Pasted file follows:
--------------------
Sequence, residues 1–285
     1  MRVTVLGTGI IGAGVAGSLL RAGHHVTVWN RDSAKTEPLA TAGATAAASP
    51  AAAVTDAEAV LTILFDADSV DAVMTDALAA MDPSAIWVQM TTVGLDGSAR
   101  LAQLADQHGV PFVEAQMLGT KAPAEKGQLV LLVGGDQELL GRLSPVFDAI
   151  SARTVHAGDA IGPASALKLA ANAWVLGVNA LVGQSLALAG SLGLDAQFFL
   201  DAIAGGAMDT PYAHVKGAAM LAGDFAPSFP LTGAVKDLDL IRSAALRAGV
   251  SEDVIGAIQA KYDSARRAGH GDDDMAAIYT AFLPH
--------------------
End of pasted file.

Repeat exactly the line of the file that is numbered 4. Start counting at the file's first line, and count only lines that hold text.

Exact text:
   101  LAQLADQHGV PFVEAQMLGT KAPAEKGQLV LLVGGDQELL GRLSPVFDAI